Climate Change

The fact that a behavior can be instrumental for multiple goals does not logically entail that people are typically propelled into action for multiple reasons. On the contrary, goal-directed behavior in the real world is, in a given instance, aimed at one focal goal. In this article, I present the Campbell paradigm, in which a particular behavior is controlled by a single reason or goal. To identify the very reason (i.e.
Elsevier, Current Opinion in Behavioral Sciences, Volume 42, December 2021
How can we as individuals or groups mitigate climate change? One key issue is whether motives other than the pursuit of material self-interest can be used fruitfully to reduce climate change. In this article I describe recent research that supports three deeply rooted concerns: (a) concern with other humans (prosociality), (b) concern with equality (egalitarianism), and (c) concern with animals (as part of adherence to biospheric values).
Climate change's particular ‘perfect storm’ problem-nature requires educators and communicators to acknowledge that a single ‘silver bullet’ intervention that eliminates ignorance and denial regarding global warming may never emerge. However, diverse kinds of information-hunks and educational initiatives do incrementally increase acceptance (and alarm) regarding climate change, thus decreasing ignorance/denial.
Elsevier, Current Opinion in Behavioral Sciences, Volume 42, December 2021
The mounting research on consumer behavior and climate change is gradually improving our understanding of effective ways to mobilize consumers to mitigate climate change. The relationship between consumer behavior and climate change is complex and most consumers are not capable of determining which behavior changes are worth doing. Research has come a long way identifying the most impactful behavior changes, but more research is needed to refine and situate these insights.
Background: Climate change has important implications for the health and futures of children and young people, yet they have little power to limit its harm, making them vulnerable to climate anxiety. This is the first large-scale investigation of climate anxiety in children and young people globally and its relationship with perceived government response. Methods: We surveyed 10 000 children and young people (aged 16–25 years) in ten countries (Australia, Brazil, Finland, France, India, Nigeria, Philippines, Portugal, the UK, and the USA; 1000 participants per country).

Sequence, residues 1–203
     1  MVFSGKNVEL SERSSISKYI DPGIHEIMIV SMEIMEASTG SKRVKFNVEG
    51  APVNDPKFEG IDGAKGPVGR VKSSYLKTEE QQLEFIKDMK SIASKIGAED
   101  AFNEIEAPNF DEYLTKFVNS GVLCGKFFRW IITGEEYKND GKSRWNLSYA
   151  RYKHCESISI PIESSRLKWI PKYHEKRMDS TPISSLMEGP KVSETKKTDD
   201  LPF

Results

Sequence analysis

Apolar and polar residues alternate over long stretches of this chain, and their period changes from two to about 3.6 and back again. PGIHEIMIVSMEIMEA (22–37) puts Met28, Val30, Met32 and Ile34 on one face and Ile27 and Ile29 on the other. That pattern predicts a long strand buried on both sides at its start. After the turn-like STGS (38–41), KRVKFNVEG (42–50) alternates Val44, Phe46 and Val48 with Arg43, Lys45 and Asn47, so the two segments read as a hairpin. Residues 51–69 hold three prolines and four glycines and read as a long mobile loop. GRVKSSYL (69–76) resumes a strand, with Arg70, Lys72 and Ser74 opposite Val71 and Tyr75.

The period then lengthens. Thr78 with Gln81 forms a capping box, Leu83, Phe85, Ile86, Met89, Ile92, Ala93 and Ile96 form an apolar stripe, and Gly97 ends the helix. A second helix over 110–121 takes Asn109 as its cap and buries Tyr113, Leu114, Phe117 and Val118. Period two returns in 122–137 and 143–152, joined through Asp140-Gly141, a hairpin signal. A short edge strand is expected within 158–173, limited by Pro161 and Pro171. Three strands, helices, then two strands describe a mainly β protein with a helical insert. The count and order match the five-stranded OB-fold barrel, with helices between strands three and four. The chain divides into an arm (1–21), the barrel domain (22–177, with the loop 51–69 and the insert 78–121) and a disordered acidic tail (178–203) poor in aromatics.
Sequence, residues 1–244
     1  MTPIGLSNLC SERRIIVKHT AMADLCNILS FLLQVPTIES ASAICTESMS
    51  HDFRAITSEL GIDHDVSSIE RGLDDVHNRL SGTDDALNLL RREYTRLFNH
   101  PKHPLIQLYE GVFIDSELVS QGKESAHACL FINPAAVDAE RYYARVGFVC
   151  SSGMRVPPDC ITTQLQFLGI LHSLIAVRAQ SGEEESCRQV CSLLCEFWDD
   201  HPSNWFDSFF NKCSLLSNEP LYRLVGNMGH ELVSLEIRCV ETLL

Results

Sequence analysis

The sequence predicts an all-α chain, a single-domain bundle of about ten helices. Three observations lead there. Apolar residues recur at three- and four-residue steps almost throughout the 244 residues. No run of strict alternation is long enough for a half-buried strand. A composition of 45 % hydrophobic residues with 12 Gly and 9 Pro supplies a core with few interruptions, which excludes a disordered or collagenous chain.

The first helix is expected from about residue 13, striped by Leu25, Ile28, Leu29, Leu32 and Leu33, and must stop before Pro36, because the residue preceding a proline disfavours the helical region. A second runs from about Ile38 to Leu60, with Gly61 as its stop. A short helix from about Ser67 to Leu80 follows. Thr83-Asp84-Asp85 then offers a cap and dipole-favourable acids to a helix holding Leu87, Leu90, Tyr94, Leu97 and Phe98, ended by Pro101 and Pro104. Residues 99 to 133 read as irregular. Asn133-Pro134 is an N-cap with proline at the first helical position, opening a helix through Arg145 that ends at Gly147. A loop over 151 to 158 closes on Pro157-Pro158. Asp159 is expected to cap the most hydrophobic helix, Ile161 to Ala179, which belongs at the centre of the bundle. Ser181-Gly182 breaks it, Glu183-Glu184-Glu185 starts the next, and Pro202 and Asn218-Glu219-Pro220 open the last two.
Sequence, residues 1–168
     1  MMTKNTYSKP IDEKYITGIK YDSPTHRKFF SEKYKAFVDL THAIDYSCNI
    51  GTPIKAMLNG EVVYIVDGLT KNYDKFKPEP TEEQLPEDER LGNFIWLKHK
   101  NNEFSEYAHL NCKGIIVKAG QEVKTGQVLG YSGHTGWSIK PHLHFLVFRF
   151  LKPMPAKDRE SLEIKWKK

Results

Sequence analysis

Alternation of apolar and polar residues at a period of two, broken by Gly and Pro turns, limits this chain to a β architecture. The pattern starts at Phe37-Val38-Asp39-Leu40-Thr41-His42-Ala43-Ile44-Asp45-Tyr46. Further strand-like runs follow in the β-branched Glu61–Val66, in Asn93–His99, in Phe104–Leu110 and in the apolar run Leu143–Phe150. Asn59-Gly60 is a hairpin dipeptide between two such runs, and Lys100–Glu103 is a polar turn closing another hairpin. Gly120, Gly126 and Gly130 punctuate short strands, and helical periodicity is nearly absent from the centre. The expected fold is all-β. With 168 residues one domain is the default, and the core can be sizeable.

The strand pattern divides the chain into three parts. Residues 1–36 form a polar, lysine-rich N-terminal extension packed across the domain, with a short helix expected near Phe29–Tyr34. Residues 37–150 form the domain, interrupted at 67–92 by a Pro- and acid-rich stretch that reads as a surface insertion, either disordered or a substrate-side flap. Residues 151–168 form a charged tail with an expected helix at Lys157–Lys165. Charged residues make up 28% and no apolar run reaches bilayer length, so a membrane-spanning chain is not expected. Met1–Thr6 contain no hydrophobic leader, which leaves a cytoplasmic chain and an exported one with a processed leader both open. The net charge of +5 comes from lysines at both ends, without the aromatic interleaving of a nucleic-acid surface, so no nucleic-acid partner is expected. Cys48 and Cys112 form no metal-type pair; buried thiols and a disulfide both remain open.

Background: Previous studies focusing on urban, industrialised regions have found that excess heat exposure can increase all-cause mortality, heat-related illnesses, and occupational injuries. However, little research has examined how deforestation and climate change can adversely affect work conditions and population health in low latitude, industrialising countries. Methods: For this modelling study we used data at 1 km2 resolution to compare forest cover and temperature conditions in the Berau regency, Indonesia, between 2002 and 2018.
Elsevier, The Lancet Public Health, Volume 6, November 2021
Left unabated, climate change will have catastrophic effects on the health of present and future generations. Such effects are already seen in Europe, through more frequent and severe extreme weather events, alterations to water and food systems, and changes in the environmental suitability for infectious diseases. As one of the largest current and historical contributors to greenhouse gases and the largest provider of financing for climate change mitigation and adaptation, Europe's response is crucial, for both human health and the planet.
Background: Adoption of healthy and sustainable diets could be essential for safe-guarding the Earth's natural resources and reducing diet-related mortality, but their adoption could be hampered if such diets proved to be more expensive and unaffordable for some populations. Therefore, we aimed to estimate the costs of healthy and sustainable diets around the world. Methods: In this modelling study, we used regionally comparable food prices from the International Comparison Program for 150 countries.
Background: Unhealthy diets, the rise of non-communicable diseases, and the declining health of the planet are highly intertwined, where food production and consumption are major drivers of increases in greenhouse gas emissions, substantial land use, and adverse health such as cancer and mortality. To assess the potential co-benefits from shifting to more sustainable diets, we aimed to investigate the associations of dietary greenhouse gas emissions and land use with all-cause and cause-specific mortality and cancer incidence rates.
Fish experiencing abnormally high or prolonged elevations in temperature can exhibit impaired reproduction, even for species adapted to warm water environments. Such high temperature inhibition of reproduction has been linked to diminished gonadal steroidogenesis, but the mechanisms whereby hypothalamic-pituitary-gonadal (HPG) axis signaling is impacted by high temperature are not fully understood.

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